People Don't Change…

When we fail to change, we allow decay to set in through destructive behavior and thinking. Jesus offers a solution that brings restoration and bears healthy fruit in our life.

Or do they?

I think for most of us, regardless of what we say, we subconsciously wrestle with this thought. People don’t change. In all honesty it’s really easy to arrive at that conclusion.

Think about it. How often has someone hurt you? Not just once, but over and over again. Maybe even by the exact same action as the time before. It’s easy to conclude that they will always be the way they are, they will never change.

Convincing ourselves of this makes breaking relationship a little easier. It’s easier to break off a relationship of any kind when you can “justify” that the person will always be “that way”.

I’ve been the “victim” and the accuser. I know of a person right now making the same selfish choices they were making 10 years ago, only now it has impacted other lives significantly. I’ve had to combat, even over the last 24 hours, this idea that they will never change. I remember in the midst of my divorce being told I would never change, that the destructive relational habits I had developed would be my practice forever.

People don’t change.

When you stop for a moment and think about it, this mindset really is destructive in itself. The idea that people will always be the way they are, nothing good will ever come of them, it’s depressing. It tears down and fails to identify and understand an eternally important truth.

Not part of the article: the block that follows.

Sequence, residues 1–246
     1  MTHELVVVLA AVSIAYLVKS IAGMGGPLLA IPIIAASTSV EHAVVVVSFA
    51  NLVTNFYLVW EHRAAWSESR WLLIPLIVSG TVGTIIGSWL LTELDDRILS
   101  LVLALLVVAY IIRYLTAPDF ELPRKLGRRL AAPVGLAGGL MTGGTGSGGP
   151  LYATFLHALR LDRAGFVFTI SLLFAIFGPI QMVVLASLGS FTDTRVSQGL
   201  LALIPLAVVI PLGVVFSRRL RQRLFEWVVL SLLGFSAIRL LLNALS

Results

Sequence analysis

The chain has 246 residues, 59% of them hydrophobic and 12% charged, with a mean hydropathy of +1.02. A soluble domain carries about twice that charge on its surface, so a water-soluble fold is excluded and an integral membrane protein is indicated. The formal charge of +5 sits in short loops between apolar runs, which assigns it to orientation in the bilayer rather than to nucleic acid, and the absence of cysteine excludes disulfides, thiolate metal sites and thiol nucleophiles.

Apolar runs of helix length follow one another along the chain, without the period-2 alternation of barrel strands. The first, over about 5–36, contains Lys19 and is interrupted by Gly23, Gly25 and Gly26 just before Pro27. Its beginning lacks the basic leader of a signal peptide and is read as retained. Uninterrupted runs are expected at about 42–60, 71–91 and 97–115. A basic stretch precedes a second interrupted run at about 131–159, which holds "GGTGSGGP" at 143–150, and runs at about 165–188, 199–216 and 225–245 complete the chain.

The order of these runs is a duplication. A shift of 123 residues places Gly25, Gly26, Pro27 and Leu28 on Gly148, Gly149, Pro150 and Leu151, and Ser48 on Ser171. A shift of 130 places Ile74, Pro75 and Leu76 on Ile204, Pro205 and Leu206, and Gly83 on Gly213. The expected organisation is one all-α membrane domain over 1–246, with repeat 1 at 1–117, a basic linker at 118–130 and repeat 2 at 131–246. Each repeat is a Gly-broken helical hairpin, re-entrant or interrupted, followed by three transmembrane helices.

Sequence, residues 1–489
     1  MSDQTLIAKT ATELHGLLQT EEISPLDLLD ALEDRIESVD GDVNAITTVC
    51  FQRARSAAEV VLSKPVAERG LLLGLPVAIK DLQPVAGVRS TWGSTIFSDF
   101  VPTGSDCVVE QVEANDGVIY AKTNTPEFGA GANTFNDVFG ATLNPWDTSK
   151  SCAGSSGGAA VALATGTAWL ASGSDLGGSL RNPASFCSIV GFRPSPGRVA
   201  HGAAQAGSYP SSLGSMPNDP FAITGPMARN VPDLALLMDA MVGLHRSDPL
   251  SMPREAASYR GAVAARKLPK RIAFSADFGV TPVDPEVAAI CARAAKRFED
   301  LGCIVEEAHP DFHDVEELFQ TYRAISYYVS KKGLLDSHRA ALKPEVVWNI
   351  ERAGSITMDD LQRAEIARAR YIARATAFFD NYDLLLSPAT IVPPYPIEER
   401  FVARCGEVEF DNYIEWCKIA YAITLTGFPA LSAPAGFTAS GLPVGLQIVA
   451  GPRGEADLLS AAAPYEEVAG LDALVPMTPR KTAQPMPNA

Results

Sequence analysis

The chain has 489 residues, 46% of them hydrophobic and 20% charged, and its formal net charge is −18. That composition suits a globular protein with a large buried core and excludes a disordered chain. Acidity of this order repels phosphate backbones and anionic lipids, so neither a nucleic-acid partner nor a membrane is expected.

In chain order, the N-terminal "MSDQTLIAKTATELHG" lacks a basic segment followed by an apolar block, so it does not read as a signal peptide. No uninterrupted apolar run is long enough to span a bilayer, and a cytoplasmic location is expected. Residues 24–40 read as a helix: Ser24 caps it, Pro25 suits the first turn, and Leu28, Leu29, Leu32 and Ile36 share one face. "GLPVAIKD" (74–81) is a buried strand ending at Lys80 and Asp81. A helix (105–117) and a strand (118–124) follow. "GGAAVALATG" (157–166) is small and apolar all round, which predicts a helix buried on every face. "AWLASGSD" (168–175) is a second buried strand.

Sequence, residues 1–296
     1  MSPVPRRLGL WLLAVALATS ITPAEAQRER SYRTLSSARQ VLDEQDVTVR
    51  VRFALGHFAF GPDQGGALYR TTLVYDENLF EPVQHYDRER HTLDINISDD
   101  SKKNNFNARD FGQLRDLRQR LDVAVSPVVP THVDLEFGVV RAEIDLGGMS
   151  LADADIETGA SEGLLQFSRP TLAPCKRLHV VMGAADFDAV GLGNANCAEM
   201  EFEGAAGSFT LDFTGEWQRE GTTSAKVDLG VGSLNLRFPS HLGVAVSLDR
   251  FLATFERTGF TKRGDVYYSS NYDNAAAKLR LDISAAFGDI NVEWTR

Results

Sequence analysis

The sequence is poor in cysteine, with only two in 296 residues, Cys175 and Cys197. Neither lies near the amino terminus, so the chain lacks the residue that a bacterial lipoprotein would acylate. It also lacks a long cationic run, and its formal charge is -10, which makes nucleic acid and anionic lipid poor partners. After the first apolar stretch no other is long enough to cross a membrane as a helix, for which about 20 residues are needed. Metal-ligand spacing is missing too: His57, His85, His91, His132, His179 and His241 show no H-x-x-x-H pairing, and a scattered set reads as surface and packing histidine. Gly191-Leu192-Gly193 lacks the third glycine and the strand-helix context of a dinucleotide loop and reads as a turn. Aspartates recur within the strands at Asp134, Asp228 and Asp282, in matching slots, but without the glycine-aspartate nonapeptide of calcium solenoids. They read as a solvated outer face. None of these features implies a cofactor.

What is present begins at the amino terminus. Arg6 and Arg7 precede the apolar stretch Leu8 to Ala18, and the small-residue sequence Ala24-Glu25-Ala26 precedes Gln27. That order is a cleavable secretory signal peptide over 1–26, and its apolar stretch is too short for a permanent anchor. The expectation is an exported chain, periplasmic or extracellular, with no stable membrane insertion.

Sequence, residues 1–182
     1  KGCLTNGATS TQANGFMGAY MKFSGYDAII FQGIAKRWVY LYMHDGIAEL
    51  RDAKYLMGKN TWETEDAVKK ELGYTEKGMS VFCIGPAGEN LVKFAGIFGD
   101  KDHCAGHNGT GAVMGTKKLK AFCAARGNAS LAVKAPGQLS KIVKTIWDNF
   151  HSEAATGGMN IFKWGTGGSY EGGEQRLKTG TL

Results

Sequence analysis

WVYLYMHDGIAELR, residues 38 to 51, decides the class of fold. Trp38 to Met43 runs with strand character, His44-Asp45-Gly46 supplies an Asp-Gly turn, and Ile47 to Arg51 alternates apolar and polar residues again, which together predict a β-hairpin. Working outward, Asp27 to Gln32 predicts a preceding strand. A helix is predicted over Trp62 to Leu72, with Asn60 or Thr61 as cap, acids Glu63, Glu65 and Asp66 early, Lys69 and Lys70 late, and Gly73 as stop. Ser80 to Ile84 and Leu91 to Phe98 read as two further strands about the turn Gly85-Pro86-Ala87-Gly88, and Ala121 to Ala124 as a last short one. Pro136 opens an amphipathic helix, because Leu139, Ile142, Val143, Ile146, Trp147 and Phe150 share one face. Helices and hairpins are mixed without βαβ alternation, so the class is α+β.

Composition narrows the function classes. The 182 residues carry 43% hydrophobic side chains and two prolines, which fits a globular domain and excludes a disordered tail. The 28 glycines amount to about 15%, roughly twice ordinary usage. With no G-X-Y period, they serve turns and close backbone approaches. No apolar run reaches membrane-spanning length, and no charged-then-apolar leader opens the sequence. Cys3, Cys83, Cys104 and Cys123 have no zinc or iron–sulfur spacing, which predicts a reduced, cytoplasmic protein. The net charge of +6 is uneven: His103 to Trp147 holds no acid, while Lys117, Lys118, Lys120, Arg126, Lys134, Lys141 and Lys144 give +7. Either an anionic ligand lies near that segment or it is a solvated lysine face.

But God.

To rest in the framework that people can’t change neglects the truth of the gospel, of Jesus’ mission and sacrifice; it disregards the work of the Holy Spirit. When we think, or dare say that someone is incapable of change we completely disregard the work that can be done by and through Jesus Christ’s death and resurrection.

It’s that serious.

And yet, we find it so easy to convince ourselves of it.

The truth is people can change, but it’s a choice. The option is there, the opportunity is always present; the question isn’t if they can change, but will they?

Being told I would never change became one of the biggest motivators for me to evaluate my priorities, my actions, the choices I was making. While I don’t agree with telling people they will never change, being confronted with that harsh criticism gave me the motivation I needed at that moment to take action.

See, I knew in my heart that what I was told wasn’t true. I knew change was possible. Growth was attainable. And while I understood I couldn’t do it on my own, I knew it began with a choice I had to make.

Surrender.

Up to that point my focus had really been on me. When I was really honest with myself, I did what I did for me. If it happened to benefit others, great. My mindset, the priorities in my life had to be rearranged or change would not happen.

I love how Paul tackles this in his letter to the church in Rome. In chapter 12 he begins by stressing to his readers the significance and importance of living for Jesus. In the first verse he uses the Greek word παρακαλέω (parakalĕō), literally meaning to implore, beseech, or appeal. Paul is pleading with his fellow believers to live holy lives in pursuit of Jesus.